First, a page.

You can see how this can impact a long-term financial plan. Charlie Munger says the first rule of compounding is to never interrupt it unnecessarily. But how do you not interrupt a money plan—careers, investments, spending, budgeting, whatever—when what you want out of life changes? It’s hard. Part of the reason people like Ronald Read—the wealthy janitor we met earlier in the book—and Warren Buffett become so successful is because they kept doing the same thing for decades on end, letting compounding run wild. But many of us evolve so much over a lifetime that we don’t want to keep doing the same thing for decades on end. Or anything close to it. So rather than one 80-something-year lifespan, our money has perhaps four distinct 20-year blocks.

I know young people who purposefully live austere lives with little income, and they’re perfectly happy with it. Then there are those who work their tails off to pay for a life of luxury, and they’re perfectly happy with that. Both have risks—the former risks being unprepared to raise a family or fund retirement, the latter risks regret that you spent your youthful and healthy years in a cubicle.

There is no easy solution to this problem. Tell a five-year-old boy he should be a lawyer instead of a tractor driver and he will disagree with every cell in his body.

But there are two things to keep in mind when making what you think are long-term decisions.

We should avoid the extreme ends of financial planning. Assuming you’ll be happy with a very low income, or choosing to work endless hours in pursuit of a high one, increases the odds that you’ll one day find yourself at a point of regret. The fuel of the End of History Illusion is that people adapt to most circumstances, so the benefits of an extreme plan—the simplicity of having hardly anything, or the thrill of having almost everything—wear off. But the downsides of those extremes—not being able to afford retirement, or looking back at a life spent devoted to chasing dollars—become enduring regrets. Regrets are especially painful when you abandon a previous plan and feel like you have to run in the other direction twice as fast to make up for lost time.

Compounding works best when you can give a plan years or decades to grow. This is true for not only savings but careers and relationships. Endurance is key. And when you consider our tendency to change who we are over time, balance at every point in your life becomes a strategy to avoid future regret and encourage endurance.

Aiming, at every point in your working life, to have moderate annual savings, moderate free time, no more than a moderate commute, and at least moderate time with your family, increases the odds of being able to stick with a plan and avoid regret than if any one of those things fall to the extreme sides of the spectrum.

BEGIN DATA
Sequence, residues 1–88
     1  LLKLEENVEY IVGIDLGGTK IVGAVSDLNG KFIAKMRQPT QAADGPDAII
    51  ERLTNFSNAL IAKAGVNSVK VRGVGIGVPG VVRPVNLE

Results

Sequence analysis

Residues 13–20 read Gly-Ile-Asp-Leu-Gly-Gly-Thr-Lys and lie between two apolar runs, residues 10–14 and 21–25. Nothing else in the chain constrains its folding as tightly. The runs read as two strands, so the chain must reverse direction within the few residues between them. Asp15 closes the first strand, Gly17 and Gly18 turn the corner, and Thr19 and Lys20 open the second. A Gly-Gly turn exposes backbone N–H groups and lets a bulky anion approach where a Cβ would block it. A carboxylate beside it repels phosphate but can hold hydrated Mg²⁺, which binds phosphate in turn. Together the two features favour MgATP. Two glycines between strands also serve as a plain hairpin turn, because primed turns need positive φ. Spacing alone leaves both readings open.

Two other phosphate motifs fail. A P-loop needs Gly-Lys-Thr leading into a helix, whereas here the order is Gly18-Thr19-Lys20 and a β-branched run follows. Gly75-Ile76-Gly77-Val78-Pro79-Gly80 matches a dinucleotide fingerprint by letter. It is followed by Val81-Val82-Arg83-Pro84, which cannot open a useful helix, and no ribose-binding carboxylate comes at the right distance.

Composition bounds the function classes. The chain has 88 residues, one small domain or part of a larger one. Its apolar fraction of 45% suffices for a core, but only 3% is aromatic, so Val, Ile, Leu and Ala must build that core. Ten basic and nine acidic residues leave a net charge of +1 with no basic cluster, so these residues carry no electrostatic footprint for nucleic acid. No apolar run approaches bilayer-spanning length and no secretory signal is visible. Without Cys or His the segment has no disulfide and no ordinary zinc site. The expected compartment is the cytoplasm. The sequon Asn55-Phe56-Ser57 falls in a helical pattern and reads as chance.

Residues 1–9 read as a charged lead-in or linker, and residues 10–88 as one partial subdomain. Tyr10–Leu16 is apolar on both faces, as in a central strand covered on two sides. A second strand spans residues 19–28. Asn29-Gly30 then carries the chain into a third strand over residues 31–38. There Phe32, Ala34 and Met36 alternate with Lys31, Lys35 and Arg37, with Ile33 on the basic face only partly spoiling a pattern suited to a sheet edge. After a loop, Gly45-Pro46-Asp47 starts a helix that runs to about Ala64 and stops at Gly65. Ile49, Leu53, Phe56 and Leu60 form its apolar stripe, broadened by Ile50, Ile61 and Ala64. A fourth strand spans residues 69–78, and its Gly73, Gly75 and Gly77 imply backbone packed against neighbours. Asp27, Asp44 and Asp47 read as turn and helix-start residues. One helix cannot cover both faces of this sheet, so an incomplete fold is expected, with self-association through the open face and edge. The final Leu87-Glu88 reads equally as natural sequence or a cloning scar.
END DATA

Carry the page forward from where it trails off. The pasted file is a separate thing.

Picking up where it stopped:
We should also come to accept the reality of changing our minds. Some of the most miserable workers I’ve met are people who stay loyal to a career only because it’s the field they picked when deciding on a college major at age 18. When you accept the End of History Illusion, you realize that the odds of picking a job when you’re not old enough to drink that you will still enjoy when you’re old enough to qualify for Social Security are low.

The trick is to accept the reality of change and move on as soon as possible.

Jason Zweig, the Wall Street Journal investment columnist, worked with psychologist Daniel Kahneman on writing Kahneman’s book Thinking, Fast and Slow. Zweig once told a story about a personality quirk of Kahneman’s that served him well: “Nothing amazed me more about Danny than his ability to detonate what we had just done,” Zweig wrote. He and Kahneman could work endlessly on a chapter, but:


The next thing you know, [Kahneman] sends a version so utterly transformed that it is unrecognizable: It begins differently, it ends differently, it incorporates anecdotes and evidence you never would have thought of, it draws on research that you’ve never heard of.


“When I asked Danny how he could start again as if we had never written an earlier draft,” Zweig continued, “he said the words I’ve never forgotten: ‘I have no sunk costs.’”

Sunk costs—anchoring decisions to past efforts that can’t be refunded—are a devil in a world where people change over time. They make our future selves prisoners to our past, different, selves. It’s the equivalent of a stranger making major life decisions for you.

Embracing the idea that financial goals made when you were a different person should be abandoned without mercy versus put on life support and dragged on can be a good strategy to minimize future regret.

The quicker it’s done, the sooner you can get back to compounding.

Next, let’s talk about compounding’s price of admission.